Businesses apparently can’t just tell customers they offer good products at a fair price. Instead, they cook up “brand identities” intended to convey their deep, sincere feelings about everything but their interest in making money.
The latest corporate heavyweight to head down this well-traveled road is supermarket giant Kroger, parent of SoCal mainstay Ralphs, which this week unveiled a new-look logo and a new slogan, “Fresh for Everyone.”
If the rebranding ended there, fine. The business world is awash in new logos and slogans.
But Kroger took things up a level with language that, for a supermarket, is surprisingly touchy-feely.
The company is “celebrating its love of all customers and associates,” Kroger said in making its announcement.
“Kroger’s new brand celebrates our love of people and our love of food, cutting through the sea of sameness that has beset grocery retail advertising for far too long,” said Mandy Rassi, Kroger’s vice president of marketing.
“We wanted to bring some joy and fun to what we’re doing,” she told me.
To share that joy with customers, Kroger is introducing animated characters called “Kroji” — as in “Kroger” and “emoji” — that, the company says, are “lovable” and “represent Kroger customers, associates and communities in an inclusive, relatable, optimistic and fun way.”
It’s not just a supermarket. It’s a way of life.
Along with its namesake stores and Ralphs, Kroger owns Dillons, Food 4 Less, Pay Less Super Markets and other chains. The “Fresh for Everyone” theme will be shared by all.
“I think what you’re hitting on here is the question of authenticity,” said Mark Forehand, a marketing professor at the University of Washington. “You’re questioning whether this we-are-the-world message is inauthentic.”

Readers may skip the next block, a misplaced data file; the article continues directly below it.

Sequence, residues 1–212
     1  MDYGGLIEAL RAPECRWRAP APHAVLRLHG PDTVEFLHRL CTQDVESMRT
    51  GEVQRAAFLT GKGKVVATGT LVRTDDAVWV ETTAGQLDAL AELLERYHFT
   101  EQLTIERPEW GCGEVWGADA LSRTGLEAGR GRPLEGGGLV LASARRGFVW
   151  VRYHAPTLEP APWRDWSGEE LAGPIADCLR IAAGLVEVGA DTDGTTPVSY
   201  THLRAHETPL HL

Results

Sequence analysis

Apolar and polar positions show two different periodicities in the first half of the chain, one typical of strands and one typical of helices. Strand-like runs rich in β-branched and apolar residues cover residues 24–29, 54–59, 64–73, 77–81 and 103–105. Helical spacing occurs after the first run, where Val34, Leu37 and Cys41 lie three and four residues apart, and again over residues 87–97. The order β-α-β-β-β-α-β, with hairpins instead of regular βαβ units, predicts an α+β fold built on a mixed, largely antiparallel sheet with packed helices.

Yeah, that pretty much sums it up.
Forehand said the Kroger rebranding campaign “seems a little heavy-handed,” but “presumably they felt this language of inclusion is an important one in reconnecting with consumer groups.”
Which is to say, their marketing research led them to believe current and potential Kroger customers are cool with a chorus of “Kumbaya.”
Kroger hired the advertising agency DDB New York to come up with the new campaign. According to the announcement, the two set out to create “a refreshed, stronger brand identity — both internally among associates and externally among customers and other valuable stakeholders — that breaks through the grocery retail industry’s ‘sea of sameness.’ ”
I get it. Cutting through the clutter of a crowded marketplace is a challenge for any company. You need a message that’s catchy and resonates.
Trader Joe’s has its “island” thing going on, like shopping there is as laid-back as a Jimmy Buffett song. Whole Foods is pitching a more upscale experience. Costco is basically saying, “What do you care about the crowds; look at these prices!”
Heck, I grew up amid brand awareness. In the 1960s and ‘70s, my grandfather, Morris Mamorsky, was one of the top jingle writers in New York. You know the old commercial that sang “Easy-Off makes oven cleaning easier”? That was my grandpa.